This Means War Movie Review – Really beautiful people making fun and making out with each other can be fun to watch, but This Means War takes it to such a ridiculous level that it’s almost insulting to watch.
It’s appealing to girls because you have two hot guys (one British!), and for guys because it’s an action bromance. This is a mindless date movie where macho oneupmanship is the funnest part to watch. So if you remember Mr. and Mrs. Smith, you might think it’s an odd sort of prequel. Spoilers ahead.
Chris Pine (Star Trek) and Tom Hardy (Warrior, Inception) are best buddy spy mates that are in the middle of a hot case with some international douchebag that did something wrong. They kill his brother in a botched sting operation and now he’s out for revenge. Got that? Because that subplot doesn’t pay off until the end of the movie.
Back in a spy base that resembles a secret lair from the animated G.I.Joe, they are grounded and decided it’s time to look for girls. Tuck (Hardy), who is separated from his wife but still hangs with his kid, decides he’s ready to get back into the dating scene using online methods. This is scoffed at by FDR (Pine) who is a club rat ladies man with a pool ceiling in his apartment. Meanwhile, Lauren (Reese Witherspoon) is a single career woman who embarrassingly runs into a former love who has a perfect fiancee. When Trish (Chelsea Handler) puts up a sleazy online profile for her, she’s pushed into the online dating world, and she meets up with Tuck. Shortly after their date, she meets FDR in a video store. Although rejected, he finds a way to go out with her, and thus starts a love triangle. Where the movie gets interesting is when the boys find out that they are wooing the same lady. They say it won’t affect their friendship, and have a gentlemen’s agreement to not sleep with her, but slowly begin taking measures to outdo the other beau. The most fun of the movie is watching the measures these eavesdropping jerks will go to not only to impress Lauren, but also to sabotage their opponent.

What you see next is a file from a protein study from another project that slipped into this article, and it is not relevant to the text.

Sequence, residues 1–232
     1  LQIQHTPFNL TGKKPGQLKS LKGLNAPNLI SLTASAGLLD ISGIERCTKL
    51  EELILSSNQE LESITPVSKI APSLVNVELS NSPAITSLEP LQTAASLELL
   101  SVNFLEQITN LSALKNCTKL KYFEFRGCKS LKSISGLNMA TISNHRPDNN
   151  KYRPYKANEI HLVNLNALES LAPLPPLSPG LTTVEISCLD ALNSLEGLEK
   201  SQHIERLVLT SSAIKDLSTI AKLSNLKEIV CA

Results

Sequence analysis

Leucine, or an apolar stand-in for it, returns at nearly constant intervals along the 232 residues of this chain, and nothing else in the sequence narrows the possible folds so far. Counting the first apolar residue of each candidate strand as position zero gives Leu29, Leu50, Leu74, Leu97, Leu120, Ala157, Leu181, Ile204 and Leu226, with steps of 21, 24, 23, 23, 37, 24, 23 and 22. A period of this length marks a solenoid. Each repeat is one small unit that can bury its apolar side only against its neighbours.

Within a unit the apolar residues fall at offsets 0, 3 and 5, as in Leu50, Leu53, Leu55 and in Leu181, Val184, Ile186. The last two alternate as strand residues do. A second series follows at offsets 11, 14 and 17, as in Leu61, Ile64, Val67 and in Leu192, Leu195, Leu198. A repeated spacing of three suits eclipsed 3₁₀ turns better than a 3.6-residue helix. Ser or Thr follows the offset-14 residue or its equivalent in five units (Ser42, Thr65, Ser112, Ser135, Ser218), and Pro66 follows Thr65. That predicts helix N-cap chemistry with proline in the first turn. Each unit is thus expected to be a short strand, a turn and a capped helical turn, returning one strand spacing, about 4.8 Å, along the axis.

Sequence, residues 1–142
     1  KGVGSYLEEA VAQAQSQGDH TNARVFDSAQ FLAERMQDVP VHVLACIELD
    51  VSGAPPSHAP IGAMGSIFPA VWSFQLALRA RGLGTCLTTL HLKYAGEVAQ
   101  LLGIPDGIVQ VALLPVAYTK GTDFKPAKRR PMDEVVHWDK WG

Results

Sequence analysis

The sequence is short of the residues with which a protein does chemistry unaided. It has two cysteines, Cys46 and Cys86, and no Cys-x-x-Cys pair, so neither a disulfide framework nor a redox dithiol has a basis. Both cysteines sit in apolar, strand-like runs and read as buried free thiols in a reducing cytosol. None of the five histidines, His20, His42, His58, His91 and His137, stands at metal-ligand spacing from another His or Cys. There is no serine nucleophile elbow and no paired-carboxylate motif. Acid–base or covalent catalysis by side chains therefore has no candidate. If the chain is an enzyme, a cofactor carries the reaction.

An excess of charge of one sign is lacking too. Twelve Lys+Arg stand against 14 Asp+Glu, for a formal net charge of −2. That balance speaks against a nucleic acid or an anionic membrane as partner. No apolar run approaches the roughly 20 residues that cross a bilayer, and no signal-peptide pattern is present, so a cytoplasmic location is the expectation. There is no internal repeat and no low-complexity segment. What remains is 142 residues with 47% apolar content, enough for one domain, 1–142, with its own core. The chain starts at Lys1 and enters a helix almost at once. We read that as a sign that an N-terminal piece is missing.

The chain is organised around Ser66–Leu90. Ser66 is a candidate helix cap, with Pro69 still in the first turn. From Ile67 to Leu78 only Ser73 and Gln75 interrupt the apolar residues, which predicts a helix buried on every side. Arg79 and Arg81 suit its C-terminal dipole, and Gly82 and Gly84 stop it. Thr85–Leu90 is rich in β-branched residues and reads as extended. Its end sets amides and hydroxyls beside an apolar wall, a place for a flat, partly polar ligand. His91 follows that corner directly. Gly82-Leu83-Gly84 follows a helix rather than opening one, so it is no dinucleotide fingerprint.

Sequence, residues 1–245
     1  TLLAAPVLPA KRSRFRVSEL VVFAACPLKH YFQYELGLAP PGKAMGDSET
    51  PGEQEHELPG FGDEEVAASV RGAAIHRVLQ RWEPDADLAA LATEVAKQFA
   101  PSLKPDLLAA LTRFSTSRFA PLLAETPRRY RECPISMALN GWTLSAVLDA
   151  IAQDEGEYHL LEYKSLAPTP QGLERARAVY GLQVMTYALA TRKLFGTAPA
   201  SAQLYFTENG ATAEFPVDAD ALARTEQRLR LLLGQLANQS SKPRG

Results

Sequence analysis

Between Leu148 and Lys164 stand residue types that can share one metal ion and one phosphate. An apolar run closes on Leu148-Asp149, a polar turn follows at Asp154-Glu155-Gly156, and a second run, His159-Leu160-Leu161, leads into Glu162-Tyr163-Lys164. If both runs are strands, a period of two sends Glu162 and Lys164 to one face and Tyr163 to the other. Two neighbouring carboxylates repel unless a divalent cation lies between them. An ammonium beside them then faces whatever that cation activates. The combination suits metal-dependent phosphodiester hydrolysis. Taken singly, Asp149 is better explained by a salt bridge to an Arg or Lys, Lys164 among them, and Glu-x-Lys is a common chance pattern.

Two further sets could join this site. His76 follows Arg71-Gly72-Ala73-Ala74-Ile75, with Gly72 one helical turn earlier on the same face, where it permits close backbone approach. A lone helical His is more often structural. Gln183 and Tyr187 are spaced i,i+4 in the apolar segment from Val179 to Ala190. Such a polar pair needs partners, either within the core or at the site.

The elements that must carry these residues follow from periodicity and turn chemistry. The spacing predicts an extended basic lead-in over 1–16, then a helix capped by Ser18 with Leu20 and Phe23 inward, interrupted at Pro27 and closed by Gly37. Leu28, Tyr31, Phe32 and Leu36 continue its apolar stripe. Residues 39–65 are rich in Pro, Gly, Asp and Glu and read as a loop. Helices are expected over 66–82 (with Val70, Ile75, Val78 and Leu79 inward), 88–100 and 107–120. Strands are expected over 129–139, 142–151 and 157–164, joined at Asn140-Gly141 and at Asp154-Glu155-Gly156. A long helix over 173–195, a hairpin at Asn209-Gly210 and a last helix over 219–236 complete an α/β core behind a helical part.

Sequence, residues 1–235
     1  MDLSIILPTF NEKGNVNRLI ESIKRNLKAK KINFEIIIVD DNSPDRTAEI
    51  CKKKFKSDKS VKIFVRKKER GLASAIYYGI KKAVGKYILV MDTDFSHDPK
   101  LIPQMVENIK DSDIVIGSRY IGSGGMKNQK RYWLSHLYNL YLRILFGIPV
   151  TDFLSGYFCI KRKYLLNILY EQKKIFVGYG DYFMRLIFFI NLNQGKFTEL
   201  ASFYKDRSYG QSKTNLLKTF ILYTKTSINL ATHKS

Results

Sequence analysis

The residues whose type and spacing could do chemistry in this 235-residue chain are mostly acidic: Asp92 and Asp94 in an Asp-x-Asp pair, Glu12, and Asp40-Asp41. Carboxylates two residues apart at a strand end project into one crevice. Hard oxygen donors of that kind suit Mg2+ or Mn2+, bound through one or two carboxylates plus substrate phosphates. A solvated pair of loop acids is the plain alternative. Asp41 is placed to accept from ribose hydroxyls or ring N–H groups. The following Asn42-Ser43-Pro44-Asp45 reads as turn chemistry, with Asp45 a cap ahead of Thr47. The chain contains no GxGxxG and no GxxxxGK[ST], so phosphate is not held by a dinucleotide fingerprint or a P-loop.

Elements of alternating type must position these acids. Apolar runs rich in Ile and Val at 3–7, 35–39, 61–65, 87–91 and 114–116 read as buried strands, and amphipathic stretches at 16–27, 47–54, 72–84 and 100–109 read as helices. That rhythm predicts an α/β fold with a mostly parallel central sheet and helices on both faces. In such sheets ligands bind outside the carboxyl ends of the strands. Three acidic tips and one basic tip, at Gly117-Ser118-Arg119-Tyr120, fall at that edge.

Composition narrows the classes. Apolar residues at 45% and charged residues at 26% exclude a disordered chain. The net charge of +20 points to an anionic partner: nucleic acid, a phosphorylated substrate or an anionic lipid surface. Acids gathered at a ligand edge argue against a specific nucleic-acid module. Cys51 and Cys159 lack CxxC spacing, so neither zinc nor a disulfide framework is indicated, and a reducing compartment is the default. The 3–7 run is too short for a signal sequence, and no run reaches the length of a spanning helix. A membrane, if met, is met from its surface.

The competition gets a little creepy and intrusive, as the boys put cameras and mics in Lauren’s apartment. On the dates trying to impress her, Tuck paint bombs a bunch of kids to appear more macho. FDR, being fed facts through an earpiece, spouts art history knowledge to win Lauren’s heart. Not only does she buy it all, but when the inevitable reveal of their intentions gets the best of them, she lets it go a little too easily.
Pine and Hardy’s chemistry should drive the movie, but they’re too shiny and wooden to really stand out. Reese Witherspoon gets to show off some nice curves, but unfortunately the script doesn’t allow her to show her comedic chops. The real scene stealer is Handler, who has all the best lines bluntly advising her friend what she should do, but ends up being more annoying because she’s just there for the punchlines. It’s like Reese was told to look pretty, and Chelsea was told to act funny. Again, it’s a little too easy.
Overall, Director McG (Charlie’s Angels) brings a candy coated slickness to this date worthy movie, but don’t expect to add this to your DVD collection of buddy cop, spy, romantic comedy, or action movies. It’s such a hodge-podge of everything that it gets muddy in the middle and what’s left is like a microwaved stale cookie: there was something good in there somewhere.
2 out of 5 sour hearts.
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